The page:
Understanding and Treating Periscapular Bursitis

Get Rid of Grinding and Pain With Movement of the Shoulder Blade

shoulder blade
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Periscapular bursitis is a possible cause of upper back pain. The scapula, also called the shoulder blade, is an important bone that shifts its position with upper body and shoulder movement. The motion of the scapula on the upper back is critical to normal function of the shoulder and the spine. When movements of the shoulder blade are abnormal, significant inflammation and pain can result.

The Scapula

The scapula is also called the shoulder blade.

The bone is a triangular shaped bone that sits on the outside of the rib cage on your upper back. You have one scapular bone on each side of your body. The outer (lateral) side of the scapula contains the socket of the shoulder joint (called the glenoid), while the rest of the bone serves as attachment points for many of the shoulder and back muscles.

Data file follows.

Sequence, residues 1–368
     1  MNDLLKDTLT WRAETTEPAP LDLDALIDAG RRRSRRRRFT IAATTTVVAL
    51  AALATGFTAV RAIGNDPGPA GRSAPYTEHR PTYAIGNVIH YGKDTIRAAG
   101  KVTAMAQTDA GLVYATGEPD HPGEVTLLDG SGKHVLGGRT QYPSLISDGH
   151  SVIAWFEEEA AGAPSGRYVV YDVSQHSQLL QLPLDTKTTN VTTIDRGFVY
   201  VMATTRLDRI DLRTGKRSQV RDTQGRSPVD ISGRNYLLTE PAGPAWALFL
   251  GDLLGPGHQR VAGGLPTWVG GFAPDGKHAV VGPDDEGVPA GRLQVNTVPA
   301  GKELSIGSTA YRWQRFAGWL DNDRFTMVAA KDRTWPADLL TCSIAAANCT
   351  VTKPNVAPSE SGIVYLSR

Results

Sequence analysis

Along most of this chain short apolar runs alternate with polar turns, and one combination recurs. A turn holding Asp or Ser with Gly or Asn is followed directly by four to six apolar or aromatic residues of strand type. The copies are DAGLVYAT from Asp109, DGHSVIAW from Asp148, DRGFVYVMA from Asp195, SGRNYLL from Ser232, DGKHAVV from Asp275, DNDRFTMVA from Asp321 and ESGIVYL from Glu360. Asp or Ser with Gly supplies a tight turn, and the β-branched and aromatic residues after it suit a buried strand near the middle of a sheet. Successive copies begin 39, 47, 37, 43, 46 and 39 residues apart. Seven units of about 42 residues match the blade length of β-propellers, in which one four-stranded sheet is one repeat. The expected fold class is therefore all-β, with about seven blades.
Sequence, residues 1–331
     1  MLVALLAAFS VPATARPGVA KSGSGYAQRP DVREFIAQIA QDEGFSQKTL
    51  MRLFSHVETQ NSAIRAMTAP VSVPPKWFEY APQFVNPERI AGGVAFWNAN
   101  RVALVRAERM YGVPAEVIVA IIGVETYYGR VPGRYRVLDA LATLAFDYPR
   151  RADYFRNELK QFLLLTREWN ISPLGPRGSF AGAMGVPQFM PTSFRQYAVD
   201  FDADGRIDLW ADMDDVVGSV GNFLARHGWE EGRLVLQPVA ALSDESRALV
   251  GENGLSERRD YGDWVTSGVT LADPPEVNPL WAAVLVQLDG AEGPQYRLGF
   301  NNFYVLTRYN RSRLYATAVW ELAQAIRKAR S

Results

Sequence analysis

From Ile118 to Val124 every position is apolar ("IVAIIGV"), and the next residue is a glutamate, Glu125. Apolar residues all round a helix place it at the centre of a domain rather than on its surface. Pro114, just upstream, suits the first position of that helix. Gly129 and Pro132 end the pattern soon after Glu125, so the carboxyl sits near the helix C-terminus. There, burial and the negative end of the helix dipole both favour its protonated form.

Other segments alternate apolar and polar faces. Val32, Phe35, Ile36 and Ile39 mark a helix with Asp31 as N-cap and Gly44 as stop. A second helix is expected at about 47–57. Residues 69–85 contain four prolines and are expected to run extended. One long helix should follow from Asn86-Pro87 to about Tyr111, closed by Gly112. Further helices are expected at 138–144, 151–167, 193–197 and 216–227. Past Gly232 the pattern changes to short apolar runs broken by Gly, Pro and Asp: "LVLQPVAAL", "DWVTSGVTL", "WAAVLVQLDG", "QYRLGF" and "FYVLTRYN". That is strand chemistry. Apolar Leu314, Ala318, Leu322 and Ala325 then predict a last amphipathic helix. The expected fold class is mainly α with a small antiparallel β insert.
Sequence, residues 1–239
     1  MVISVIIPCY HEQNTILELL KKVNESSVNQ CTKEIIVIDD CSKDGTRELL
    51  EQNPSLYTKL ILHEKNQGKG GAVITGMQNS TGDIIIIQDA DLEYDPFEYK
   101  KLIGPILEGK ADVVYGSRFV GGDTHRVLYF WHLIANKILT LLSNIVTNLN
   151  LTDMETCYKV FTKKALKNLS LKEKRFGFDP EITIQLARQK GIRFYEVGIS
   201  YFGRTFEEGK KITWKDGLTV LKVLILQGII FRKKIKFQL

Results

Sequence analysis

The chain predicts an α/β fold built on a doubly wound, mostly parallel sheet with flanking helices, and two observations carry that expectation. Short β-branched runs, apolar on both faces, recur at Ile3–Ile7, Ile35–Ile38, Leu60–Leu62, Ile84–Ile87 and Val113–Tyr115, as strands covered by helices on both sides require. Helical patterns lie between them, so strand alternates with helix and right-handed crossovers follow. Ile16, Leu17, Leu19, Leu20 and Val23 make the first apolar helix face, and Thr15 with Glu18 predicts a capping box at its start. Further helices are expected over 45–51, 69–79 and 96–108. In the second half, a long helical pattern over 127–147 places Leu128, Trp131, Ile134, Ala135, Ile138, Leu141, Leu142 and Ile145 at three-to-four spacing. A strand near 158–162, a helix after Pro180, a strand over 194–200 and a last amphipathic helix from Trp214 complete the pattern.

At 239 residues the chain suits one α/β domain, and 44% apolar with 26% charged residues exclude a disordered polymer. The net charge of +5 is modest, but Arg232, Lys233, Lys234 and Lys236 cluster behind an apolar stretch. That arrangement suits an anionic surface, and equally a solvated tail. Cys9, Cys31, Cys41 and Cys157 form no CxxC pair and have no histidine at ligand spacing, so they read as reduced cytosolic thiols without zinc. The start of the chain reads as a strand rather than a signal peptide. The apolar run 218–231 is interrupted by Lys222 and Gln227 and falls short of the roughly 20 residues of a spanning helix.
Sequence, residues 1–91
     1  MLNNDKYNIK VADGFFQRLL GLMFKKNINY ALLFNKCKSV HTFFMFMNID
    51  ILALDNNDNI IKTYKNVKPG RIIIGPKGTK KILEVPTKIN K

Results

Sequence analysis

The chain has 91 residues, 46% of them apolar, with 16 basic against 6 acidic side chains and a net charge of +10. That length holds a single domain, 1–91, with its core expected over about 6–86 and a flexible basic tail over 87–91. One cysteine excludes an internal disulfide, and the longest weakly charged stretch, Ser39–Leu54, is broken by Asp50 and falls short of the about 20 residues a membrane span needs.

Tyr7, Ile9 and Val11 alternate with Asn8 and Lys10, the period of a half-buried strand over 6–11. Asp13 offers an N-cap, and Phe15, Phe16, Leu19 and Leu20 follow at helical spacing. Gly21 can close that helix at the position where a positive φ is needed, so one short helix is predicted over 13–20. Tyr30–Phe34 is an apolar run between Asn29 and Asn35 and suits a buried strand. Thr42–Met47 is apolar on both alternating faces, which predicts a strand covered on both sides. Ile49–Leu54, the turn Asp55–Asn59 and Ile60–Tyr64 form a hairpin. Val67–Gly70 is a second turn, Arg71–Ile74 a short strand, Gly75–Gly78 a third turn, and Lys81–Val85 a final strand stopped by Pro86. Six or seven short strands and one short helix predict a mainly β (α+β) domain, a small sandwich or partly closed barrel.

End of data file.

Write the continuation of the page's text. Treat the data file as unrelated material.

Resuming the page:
As you move your arm and back, the scapula shifts on the rib cage. This scapular movement (called scapulothoracic motion) is critical to normal function of the spine and the shoulder joint. When the scapula does not glide in a coordinated motion, the function of the spine and shoulder joint can be problematic.

The Scapular Bursa

A bursa is a fluid filled sac within the body that allows for smooth motion between structures. You have important bursae scattered around your body including in the shoulder joint, on the outside of your hip, and in front of the kneecap.

These bursae allow gliding movements between bones and tendons. When a bursa becomes inflamed and irritated, these normal movements can become painful.